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LFF 2018 Review – Thunder Road ★★★★★

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Released: 2018

Directed By: Jim Cummings

Starring: Jim Cummings, Kendal Ferr, Nican Robinson

Reviewed By: Darryl Griffiths

The loss of a loved one. It can so easily see you lose a singular or even every part of you, as you go through such a devastating process. Consumed by our own emotions. Yet comforted by the memories. You can never truly prepare for how grief takes hold and dictates your behaviour, with those on the outside possibly deeming certain acts or outbursts strange. Out of character.

Inspired by a Bruce Springsteen song. Jim Cummings’ tremendous tragicomedy ‘Thunder Road’ documents the compelling breakdown of a police officer struggling to enforce law and retain order in his personal life, whose sensitivity is continuously buried in a tough Texan landscape. Bristling with confidence and assurance in its tone right from the outset, Cummings plays officer Jim Arnaud who is a man on the brink, after the double blow of losing his mother and divorcing his wife Rosalind (Jocelyn DeBoer).

His emotional instability and fragile masculinity only feeding into his work. He continuously seeks refuge through fellow officer Nate (Nican Robinson) as he looks to defy his superiors, whilst desperately trying to maintain his relationship with darling daughter Crystal (Kendal Ferr), with Jim caught up in a battle for custody.

Providing a fearless take on male mental health. ‘Thunder Road’ is impeccable in its articulation of the feelings that litter the scattershot psyche of its core protagonist. Beginning with the astonishing opening one-take salvo of his eulogy at his Mom’s funeral, Cummings gradually draws you in with his confrontational directorial style, with the extremity of close-up complimenting the raw emotion on display. The emphasis on monologues and long-takes only heightens the drama and underlying hilarity, almost as if the viewer is serving as a therapist to Jim, looking to find clarity in his treacherous yet tragic trail of thought.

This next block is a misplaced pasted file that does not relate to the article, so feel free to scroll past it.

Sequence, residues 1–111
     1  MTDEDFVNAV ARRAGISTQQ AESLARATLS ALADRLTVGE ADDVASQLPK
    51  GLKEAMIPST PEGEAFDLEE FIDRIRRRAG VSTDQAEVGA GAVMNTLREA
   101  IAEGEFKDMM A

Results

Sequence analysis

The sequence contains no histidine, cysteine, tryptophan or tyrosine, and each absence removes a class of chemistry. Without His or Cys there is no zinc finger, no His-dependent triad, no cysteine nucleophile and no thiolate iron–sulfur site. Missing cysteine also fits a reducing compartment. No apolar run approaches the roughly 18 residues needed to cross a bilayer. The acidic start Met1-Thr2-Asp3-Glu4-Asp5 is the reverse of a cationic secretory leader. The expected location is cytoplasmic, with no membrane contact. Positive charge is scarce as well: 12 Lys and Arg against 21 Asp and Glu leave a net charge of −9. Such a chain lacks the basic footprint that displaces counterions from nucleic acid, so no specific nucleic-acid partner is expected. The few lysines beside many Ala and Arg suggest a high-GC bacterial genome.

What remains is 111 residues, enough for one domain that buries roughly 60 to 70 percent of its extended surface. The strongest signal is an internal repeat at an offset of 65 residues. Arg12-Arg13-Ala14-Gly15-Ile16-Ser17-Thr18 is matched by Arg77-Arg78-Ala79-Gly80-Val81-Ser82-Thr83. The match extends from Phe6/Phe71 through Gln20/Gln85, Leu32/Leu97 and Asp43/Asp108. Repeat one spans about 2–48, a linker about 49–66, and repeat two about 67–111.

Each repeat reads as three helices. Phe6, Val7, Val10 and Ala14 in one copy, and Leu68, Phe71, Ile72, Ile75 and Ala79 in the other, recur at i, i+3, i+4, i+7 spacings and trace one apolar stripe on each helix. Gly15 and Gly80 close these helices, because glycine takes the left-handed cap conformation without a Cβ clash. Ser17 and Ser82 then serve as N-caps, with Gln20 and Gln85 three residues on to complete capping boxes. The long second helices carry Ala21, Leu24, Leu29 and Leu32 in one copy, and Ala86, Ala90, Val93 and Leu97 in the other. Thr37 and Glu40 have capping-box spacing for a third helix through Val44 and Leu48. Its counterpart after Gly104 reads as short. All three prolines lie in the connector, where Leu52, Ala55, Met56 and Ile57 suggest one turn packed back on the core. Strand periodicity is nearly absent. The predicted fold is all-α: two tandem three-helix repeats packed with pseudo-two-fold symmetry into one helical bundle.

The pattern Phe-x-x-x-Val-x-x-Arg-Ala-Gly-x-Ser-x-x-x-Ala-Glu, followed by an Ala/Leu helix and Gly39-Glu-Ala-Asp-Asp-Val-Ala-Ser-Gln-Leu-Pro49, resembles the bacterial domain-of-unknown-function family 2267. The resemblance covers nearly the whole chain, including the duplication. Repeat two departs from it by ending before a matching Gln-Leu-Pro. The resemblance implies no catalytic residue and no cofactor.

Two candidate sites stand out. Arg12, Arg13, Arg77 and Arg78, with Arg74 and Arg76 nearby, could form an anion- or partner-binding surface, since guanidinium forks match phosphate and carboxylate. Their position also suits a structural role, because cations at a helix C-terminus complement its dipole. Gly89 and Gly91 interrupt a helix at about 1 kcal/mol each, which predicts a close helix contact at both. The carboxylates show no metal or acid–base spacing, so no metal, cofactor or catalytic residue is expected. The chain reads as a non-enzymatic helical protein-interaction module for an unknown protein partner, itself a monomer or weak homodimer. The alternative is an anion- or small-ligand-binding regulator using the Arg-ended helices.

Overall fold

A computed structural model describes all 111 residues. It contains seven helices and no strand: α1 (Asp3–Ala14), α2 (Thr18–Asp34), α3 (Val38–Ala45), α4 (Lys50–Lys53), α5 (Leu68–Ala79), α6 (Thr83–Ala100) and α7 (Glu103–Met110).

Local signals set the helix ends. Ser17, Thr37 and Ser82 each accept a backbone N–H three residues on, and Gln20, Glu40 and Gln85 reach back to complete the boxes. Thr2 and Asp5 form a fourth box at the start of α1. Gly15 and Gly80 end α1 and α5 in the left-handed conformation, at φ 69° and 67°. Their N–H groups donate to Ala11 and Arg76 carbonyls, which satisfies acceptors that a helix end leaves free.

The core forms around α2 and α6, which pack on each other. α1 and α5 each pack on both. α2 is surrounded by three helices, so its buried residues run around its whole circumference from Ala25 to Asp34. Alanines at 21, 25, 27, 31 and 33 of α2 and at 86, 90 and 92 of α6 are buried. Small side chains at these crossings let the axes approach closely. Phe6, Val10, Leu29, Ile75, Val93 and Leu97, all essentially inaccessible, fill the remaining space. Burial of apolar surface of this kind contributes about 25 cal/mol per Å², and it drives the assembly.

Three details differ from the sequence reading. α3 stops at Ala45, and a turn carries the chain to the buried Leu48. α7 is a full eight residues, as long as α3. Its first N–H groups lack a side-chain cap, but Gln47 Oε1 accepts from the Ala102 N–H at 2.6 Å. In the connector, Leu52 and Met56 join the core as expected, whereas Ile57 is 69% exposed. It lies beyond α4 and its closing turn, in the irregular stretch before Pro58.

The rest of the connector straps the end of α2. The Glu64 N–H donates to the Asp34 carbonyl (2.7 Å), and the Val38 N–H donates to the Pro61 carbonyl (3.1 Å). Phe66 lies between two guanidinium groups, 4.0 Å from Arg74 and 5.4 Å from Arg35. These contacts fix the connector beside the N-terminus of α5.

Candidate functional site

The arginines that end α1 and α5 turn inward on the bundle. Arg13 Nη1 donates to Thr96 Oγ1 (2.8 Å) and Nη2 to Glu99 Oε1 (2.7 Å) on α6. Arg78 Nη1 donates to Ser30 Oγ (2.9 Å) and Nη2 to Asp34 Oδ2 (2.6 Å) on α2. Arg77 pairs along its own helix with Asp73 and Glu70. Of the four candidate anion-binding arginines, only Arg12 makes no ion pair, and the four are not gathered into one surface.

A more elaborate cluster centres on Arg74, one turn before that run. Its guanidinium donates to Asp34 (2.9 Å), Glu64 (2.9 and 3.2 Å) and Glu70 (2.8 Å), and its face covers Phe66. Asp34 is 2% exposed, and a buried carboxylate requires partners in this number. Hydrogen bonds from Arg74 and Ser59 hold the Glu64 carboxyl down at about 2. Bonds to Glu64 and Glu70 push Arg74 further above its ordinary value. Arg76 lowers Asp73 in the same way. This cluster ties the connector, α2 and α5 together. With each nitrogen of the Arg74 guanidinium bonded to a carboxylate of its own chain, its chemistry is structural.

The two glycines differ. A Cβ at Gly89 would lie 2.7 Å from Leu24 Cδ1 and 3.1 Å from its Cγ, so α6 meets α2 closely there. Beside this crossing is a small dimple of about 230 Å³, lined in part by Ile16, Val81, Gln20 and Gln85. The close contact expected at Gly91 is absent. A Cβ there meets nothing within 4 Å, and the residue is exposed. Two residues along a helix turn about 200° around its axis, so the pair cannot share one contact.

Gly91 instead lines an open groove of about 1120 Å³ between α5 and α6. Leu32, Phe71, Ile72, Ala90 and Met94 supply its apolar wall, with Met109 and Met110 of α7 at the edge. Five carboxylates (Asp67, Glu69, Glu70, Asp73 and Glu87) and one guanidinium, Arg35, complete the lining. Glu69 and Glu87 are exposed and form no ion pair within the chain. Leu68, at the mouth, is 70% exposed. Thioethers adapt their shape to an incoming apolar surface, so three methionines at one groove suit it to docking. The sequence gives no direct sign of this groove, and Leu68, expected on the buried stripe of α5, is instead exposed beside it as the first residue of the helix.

The film ultimately hinges on the capabilities and craft of its leading man. Jim Cummings is nothing short of outstanding here, striking the balance between frequent farce and ferocity with ease. His scenes with on-screen daughter Kendal Ferr full of disarming warmth. Awkwardness and deadpan humour filling the frames shared with an impressive Nican Robinson. For all his outlandish tendencies, Officer Jim Arnaud proves to be deeply relatable in how he navigates through the middling mess life can so often be.

Expanding on his initial Sundance-winning short film in superb style. ‘Thunder Road’ is a pulsating, profound directorial debut that isn’t afraid to take a few detours with its seemingly familiar narrative, resulting in a hilarious and heartbreaking journey that is truly unique.

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